Sunday, April 8, 2012


On Easter weekend, those of the Christian faith celebrate the crucifixion and the resurrection of Jesus Christ. However, the observation of Easter did not originate with Christianity. Read on to learn about the true origin of the holiday.

“Easter” was taken from “Eastre”. She was the goddess worshipped by the Saxon peoples of Northern Europe. They held festivals every year to celebrate the Spring Equinox - the one time during the spring when the day and the night are of equal length. The festivals were believed to ensure the fertility of both the land and its people.

In ancient times, those of the Jewish faith celebrated Passover around this same time of the year. The Passover feast commemorated the Israelite captivity in Egypt under the cruel hand of the pharaoh. The last plague that God sent on the land was that of the death of every firstborn. Blood on the doorposts of Israelite households spared them as the Angel of Death spread through the land.

Christians decided to celebrate what we now know as Easter at this time also. Early followers were persecuted even after Jesus’ crucifixion. As a result, they held their religious observances to coincide with the pagan holidays. They called their remembrance, Easter - a derivative of Eastre. The idea behind the two occasions is different, but they share common symbols and traditions that people still use today.

The Easter bunny

 The rabbit was the symbol of Eastre, the Saxon goddess. The idea of the rabbit as a part of Christian tradition was introduced in colonial days by the Germans. Children are taught that the Easter Bunny brings treats on the night before Easter, much like Santa Claus during Christmas.

The Cross

The symbol of the cross has been associated with Christianity and Easter since the first centuries after Jesus’ death. The cross was a symbol of cruelty throughout the Roman Empire. Today, those who practice Christianity view it as a badge of courage and salvation.

Easter Eggs

Easter Eggs became the symbol of resurrection of Jesus Christ—rebirth of mankind. Christians embraced the Easter Egg and compared it to the tomb from which Christ resurrected. In fact, Easter Eggs are also exchanged as gifts among friends and relatives for the celebration of Easter.

Easter Lamb

Easter Lamb is a significant symbol of Easter celebrations throughout the world. Easter Lamb symbolized Christ with a flag of victory. This symbol is seen in every Central and Eastern European family. Lamb also forms the center of attraction of Easter dinner table. Importance of Lamb has its roots in the Jewish tradition of Pesah. Pasch Lamb was also very famous.

Easter Lily

Trumpet-shaped flower, Easter Lily is a fragrant flower, all in pure white. With this flower, people celebrate and enjoy the very essence of life as well as Easter. This flower is significant because it is said to have sprung from the place where the sweat of Jesus Christ fell. This flower is said to usher in the greater significance of new life—new blooms and new meaning for Easter.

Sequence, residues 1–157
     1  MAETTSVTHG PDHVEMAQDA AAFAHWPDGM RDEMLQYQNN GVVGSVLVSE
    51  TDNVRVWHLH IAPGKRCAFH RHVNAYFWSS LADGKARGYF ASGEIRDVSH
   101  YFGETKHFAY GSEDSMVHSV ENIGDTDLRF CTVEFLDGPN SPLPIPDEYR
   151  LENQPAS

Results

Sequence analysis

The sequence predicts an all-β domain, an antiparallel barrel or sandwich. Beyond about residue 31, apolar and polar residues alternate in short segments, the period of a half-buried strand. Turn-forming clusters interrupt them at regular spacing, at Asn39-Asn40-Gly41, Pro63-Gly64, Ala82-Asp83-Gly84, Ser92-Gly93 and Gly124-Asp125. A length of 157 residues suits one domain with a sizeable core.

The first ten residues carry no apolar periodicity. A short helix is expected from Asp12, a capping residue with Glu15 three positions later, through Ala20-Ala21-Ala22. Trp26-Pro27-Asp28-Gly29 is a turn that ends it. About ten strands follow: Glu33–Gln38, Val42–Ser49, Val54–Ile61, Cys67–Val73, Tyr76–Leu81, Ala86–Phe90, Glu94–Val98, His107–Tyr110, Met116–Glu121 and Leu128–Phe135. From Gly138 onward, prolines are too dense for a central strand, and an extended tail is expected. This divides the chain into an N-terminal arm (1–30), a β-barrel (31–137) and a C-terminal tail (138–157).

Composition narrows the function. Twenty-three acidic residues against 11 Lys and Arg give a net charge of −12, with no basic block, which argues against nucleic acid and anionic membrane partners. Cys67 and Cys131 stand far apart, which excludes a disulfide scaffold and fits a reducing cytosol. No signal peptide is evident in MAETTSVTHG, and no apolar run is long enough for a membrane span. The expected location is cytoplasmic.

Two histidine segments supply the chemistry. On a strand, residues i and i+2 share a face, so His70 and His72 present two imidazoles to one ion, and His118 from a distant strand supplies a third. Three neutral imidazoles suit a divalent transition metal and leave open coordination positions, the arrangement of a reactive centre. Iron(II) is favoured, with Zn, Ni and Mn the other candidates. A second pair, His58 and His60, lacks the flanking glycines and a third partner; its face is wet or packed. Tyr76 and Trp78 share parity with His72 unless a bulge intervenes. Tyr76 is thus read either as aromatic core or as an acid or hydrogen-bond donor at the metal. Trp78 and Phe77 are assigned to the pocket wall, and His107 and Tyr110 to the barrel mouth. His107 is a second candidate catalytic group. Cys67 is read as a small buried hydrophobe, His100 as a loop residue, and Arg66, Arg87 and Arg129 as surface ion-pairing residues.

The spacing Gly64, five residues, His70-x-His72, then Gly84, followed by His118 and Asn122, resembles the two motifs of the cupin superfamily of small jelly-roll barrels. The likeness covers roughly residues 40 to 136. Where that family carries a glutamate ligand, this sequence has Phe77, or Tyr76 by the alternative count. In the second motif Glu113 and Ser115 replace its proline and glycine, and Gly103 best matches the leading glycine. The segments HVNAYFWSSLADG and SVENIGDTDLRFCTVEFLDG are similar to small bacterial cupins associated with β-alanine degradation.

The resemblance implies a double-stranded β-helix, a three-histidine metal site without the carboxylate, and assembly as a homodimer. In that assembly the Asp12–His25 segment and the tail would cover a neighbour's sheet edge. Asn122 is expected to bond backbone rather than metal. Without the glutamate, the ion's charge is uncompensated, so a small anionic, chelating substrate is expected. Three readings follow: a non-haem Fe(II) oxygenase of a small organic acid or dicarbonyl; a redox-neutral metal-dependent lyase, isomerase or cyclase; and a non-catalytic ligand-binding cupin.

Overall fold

Hot Cross Buns

Christians are in their high spirits during this occasion since this festival has a tremendous importance for them in their religious faith. It is celebrated and welcomed with lots of love and warmth and by feasting with scrumptious food. Easter Hot Cross Buns are typical Easter Specials/Symbols. The pastry on the top of the bun reminds us of the cross on which Lord Christ was crucified. Hence, this holds a great significance for all Christians.


One day some parents brought their children to Jesus so he could touch and

bless them. But the disciples scolded the parents for bothering him. When

Jesus saw what was happening, he was angry with his disciples. He said to

them, “Let the children come to me. Don’t stop them! For the Kingdom of

God belongs to those who are like these children” Mark 10:13-14

To feel secure, all children need is a loving look and gentle touch from someone who cares. They believe us because they trust us. Jesus said that people should trust in him with this kind of childlike faith. Thoughts of children and spring remind us of Easter and the resurrection of Christ. Preparation often includes fasting, cross walks, special church activities, and decorating colorful eggs with younger children. Ukranian painted eggs have an interesting history that often reflects the faith and personality of the artist through the use of symbols and color. Some of the  most used symbols and their Christian meaning are described below.

A ribbon or belt around the egg symbolizes eternity.

 Pine needles represent youth and  health.

Dots or small circles represent stars or constellations.

The fish is an ancient symbol for Christ.

Deer and horses represent wealth and prosperity.

A sieve or a net suggests fishing.

Grapes symbolize the “good fruits” of Christian life.

Ladders suggest prayer.

Small baskets or triangles symbolize the Holy Trinity.

 A leaf or flower suggests life and growth.

 An eight-pointed star is an ancient symbol for Christ.

A butterfly is a symbol of the resurrection.

 A cross signifies the suffering and resurrection of Christ.

Colors also have a variety of representations such as white for purity, yellow for a successful harvest and wisdom, green for rebirth and spring, orange for endurance and ambition, and blue for sky, air, and good health.

Create special times with children in your life by drawing and painting eggs with symbols that have historical meaning.

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